On our shared planet, we are coming to understand that water and air are valued commodities—yet still “public” resources—characterized by non-exclusivity in access, non-rivalry in consumption. We would perish without water and air. Yet people pay a premium for goods claiming a low “carbon footprint,” pay a premium for “pure water,” pay king’s ransoms for vacations or living spaces with crystal-clear air, sparkling water, nature untrammeled by the noises of an industrial, clamoring public, intent on earning a living, achieving some measure of leisure and entertainment, attaining some security for an increasingly unstable future.
In tinsel-town, on the silver screen, disasters only last as long as the film is running.  In the looming perfect storm of our globally-wired-in, socio-economic biosphere, our lives increasingly resemble a big-screen disaster film: almost predictable in the unprecedented number of shortages, instabilities, black-swan events, and natural disasters. Movie mogul Samuel Goldwyn, credited with his own version of “never make predictions—especially about the future,” might have loved this real-life “script.” Except that this digitally-powered revolution of the market is likely to last long after the excitement disappears, and attendance for most of us is neither voluntary nor painless. Many of our old economic and consumption habits appear to be walking with us on a path toward extinction.
 We do not need every generation to reinvent concepts of social, environmental, and economic responsibility. We can stand on the shoulders of the giants of the past, and dedicate our energies and collective intelligence to moving forward.
Aristotle (384 – 322 BC), wrote in his Politics that: Civilization is a group of good people working together to do good things. While legislation proposing the abolishment of private property and the holding of all things in common appears attractive and might be thought humane [philanthropos], the opposite will prove true. Every state is a sort of partnership [koinonian], and every partnership is formed with a view to accomplishing some good [agathou]… the partnership entitled to the state [polis] and political association [koinoia he politike] would include all the others, work the most of all, and aim at the most supreme of all goods and good things.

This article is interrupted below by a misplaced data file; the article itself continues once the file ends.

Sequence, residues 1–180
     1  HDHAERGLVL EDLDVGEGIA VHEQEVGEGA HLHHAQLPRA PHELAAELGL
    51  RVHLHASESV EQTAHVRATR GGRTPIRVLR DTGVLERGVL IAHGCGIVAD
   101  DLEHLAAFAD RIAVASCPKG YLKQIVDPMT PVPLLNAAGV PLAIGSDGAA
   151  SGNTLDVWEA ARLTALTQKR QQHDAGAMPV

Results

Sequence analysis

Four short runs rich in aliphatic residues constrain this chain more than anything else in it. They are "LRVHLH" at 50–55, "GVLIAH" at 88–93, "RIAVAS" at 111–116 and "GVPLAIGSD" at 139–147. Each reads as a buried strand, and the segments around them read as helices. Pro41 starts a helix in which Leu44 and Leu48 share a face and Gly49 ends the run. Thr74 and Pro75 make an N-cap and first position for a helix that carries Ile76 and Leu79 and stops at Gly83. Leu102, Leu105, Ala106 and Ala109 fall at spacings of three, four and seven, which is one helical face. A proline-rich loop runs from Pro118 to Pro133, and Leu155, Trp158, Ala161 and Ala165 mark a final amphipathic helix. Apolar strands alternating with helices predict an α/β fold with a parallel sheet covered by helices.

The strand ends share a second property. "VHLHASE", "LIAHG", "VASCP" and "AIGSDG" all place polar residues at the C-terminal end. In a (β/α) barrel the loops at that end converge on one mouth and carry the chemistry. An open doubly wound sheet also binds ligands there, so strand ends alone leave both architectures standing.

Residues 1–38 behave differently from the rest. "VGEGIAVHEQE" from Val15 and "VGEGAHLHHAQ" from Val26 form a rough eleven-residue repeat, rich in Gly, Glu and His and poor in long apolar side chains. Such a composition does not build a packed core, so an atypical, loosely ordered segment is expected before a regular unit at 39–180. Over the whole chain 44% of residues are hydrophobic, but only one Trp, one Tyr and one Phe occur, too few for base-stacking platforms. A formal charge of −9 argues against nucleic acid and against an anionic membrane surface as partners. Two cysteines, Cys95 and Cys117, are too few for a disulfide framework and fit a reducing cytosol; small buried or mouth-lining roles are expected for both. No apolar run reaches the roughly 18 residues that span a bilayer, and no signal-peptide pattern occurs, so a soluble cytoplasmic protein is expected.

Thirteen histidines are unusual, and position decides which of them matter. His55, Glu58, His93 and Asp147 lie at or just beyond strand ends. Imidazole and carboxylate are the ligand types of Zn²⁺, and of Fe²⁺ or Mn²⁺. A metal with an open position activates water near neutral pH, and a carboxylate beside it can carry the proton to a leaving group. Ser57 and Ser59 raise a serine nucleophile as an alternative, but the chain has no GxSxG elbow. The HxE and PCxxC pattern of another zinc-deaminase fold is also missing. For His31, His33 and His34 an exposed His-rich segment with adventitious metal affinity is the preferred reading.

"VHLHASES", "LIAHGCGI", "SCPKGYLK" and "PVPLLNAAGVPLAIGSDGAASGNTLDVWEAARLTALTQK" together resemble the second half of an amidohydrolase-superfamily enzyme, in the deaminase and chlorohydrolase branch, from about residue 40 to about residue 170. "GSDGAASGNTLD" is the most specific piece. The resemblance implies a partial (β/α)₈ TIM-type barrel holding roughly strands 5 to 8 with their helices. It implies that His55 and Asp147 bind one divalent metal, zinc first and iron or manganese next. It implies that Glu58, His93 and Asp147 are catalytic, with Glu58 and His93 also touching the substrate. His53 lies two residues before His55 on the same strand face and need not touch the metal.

Aristotle placed a low value on political innovation, and highly valued balance and stability. He warned against recourse to civil war as a means of correcting political imbalance, because through revolution “the bonds of civil society [politiken koinonian] are loosened.”
If confidence measures the level of trust needed for the economic health of individuals and nations, and monetary systems consist of mixed values, such as: precious metals; resources; production, trade and service assets; trust (confidence)-based paper money, loans, debts, and credit-- then reciprocated-confidence/mutual-trust is a cornerstone of continued economic balance. When work, savings, and investment have been remunerated with favorable returns, then confidence in the soundness of economic behavior, and trust in the continuation of increased wealth grow.